Here’s a letter to a new and intrepid correspondent:
Mr. Nolan McKinney
You point to Harley-Davidson’s resurgence after Ronald Reagan drastically raised tariffs on imported large motorcycles as “evidence of protectionism strengthening our economy.”
Harley’s resurgence is evidence of no such thing. The argument against protectionism is not that it doesn’t help the particular firms that are shielded from the competition of foreign rivals. Of course protectionism helps such firms. The chief economic argument against protectionism is, instead, that the gains that it creates for protected producers come at the greater expense of consumers and of other domestic producers. Reagan’s tariffs diverted resources artificially to Harley-Davidson. Those resources came from somewhere. What goods and services were consumers thereby unable to purchase? What firms were thereby unable to get the resources they needed to expand or to be launched? What new jobs weren’t created? What workers failed to get raises? And how many motorcyclists were killed because, given the tariff-induced higher price of new motorcycles, these motorcyclists put off buying new bikes while they kept their older and more-rickety bikes longer than otherwise? Harley’s post-tariff success unlikely compensates for these losses.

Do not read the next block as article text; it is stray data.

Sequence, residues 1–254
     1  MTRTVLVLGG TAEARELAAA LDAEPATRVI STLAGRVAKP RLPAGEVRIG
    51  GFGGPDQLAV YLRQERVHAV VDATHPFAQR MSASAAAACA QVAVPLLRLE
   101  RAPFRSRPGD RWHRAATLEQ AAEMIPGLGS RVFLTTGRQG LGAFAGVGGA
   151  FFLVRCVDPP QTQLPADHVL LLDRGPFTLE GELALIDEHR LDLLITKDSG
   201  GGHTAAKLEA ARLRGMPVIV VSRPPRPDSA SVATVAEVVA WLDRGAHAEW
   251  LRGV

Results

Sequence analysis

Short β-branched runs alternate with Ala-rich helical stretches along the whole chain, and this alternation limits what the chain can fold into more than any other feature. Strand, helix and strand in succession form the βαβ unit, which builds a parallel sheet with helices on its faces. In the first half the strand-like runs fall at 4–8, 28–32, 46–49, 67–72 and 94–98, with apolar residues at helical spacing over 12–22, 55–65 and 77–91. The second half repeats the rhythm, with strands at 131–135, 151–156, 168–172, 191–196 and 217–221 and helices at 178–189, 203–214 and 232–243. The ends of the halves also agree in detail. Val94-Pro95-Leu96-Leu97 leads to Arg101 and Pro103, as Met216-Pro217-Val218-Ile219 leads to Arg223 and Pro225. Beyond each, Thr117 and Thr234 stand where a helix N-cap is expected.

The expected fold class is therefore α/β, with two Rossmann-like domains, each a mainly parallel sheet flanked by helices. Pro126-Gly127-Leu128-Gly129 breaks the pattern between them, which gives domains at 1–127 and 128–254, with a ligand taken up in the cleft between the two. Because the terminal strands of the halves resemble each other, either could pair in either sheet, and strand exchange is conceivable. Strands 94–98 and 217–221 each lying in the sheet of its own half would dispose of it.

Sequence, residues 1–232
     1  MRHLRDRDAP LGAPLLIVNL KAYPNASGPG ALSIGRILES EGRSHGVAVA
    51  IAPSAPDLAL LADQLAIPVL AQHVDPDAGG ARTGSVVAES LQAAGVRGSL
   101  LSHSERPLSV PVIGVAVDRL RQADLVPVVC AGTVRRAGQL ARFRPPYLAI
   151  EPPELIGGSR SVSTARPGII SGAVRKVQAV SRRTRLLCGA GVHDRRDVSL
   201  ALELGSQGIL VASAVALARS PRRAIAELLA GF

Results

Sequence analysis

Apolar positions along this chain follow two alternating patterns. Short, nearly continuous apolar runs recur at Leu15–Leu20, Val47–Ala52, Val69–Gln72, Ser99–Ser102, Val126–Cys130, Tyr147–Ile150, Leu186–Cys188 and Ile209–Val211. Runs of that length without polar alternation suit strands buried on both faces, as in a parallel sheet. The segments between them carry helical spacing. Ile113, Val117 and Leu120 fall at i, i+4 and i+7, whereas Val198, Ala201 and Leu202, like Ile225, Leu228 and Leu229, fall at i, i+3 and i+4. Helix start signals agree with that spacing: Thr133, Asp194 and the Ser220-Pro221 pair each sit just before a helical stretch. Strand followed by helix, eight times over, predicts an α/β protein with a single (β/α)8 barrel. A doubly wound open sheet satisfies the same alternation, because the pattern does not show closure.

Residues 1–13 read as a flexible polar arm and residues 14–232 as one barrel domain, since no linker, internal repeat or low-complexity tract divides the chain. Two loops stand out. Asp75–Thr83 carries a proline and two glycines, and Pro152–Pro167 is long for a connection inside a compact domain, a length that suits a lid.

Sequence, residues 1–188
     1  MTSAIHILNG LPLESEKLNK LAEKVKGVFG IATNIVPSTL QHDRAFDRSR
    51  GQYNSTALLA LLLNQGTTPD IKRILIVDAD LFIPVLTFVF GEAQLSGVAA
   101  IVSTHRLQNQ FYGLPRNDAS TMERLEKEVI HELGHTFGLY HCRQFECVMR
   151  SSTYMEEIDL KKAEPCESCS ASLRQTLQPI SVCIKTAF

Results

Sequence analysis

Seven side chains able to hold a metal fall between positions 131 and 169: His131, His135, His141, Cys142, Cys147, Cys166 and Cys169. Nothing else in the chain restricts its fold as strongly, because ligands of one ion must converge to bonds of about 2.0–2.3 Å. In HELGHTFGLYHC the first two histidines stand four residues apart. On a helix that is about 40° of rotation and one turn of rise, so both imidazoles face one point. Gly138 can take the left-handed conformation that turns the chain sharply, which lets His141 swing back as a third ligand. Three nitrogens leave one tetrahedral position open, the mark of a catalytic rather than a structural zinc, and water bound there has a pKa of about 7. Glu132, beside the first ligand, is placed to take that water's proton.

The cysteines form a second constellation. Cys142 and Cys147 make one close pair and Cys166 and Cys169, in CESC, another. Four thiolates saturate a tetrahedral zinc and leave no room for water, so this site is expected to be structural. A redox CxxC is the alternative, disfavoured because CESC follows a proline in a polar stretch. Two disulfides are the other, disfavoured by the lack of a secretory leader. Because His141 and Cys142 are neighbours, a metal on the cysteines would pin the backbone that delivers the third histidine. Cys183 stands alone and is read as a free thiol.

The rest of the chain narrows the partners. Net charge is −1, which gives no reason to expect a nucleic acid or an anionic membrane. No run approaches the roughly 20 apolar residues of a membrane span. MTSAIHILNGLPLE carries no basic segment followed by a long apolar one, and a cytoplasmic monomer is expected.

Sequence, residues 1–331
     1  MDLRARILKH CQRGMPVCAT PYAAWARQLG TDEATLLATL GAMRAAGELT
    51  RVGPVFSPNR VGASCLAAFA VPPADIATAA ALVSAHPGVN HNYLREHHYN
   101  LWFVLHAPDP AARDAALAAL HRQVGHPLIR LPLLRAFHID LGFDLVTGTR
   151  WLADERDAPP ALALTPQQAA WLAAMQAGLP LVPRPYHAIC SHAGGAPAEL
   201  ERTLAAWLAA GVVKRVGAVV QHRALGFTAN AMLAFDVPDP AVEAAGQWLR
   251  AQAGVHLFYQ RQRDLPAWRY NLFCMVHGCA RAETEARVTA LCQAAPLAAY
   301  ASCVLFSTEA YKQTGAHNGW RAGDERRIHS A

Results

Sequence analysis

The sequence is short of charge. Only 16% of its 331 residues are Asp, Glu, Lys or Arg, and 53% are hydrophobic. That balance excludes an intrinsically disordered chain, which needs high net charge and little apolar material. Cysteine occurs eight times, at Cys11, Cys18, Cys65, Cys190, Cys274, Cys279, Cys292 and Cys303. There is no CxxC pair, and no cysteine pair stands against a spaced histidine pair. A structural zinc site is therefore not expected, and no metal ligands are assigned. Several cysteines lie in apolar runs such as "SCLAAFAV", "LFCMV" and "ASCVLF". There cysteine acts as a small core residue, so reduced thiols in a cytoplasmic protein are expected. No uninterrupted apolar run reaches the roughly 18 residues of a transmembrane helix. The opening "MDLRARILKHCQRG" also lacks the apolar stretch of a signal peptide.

But even if, by some weird chance, that specific 1983 tariff did improve Americans’ overall economic welfare, it still does not constitute a case for protectionism. As the great trade economist Harry Johnson wrote, “To the primitive mind, one case of magic’s working (or seeming to work) is sufficiently impressive to confirm faith in magic against a long series of experienced failures.”* In other words, to embrace protectionism because of one or two successes (or apparent successes) is primitive. America’s public policies should not be primitive.
Donald J. Boudreaux
Professor of Economics
Martha and Nelson Getchell Chair for the Study of Free Market Capitalism at the Mercatus Center
George Mason University
Fairfax, VA 22030
* Harry G. Johnson, “Mercantilism: Past, Present, and Future” (1973), reprinted in H.G. Johnson On Economics and Society (Chicago: University of Chicago Press, 1975), page 274.
A still-excellent read on the 1983 Harley tariff is this 1984 paper by my now-colleague Dan Klein.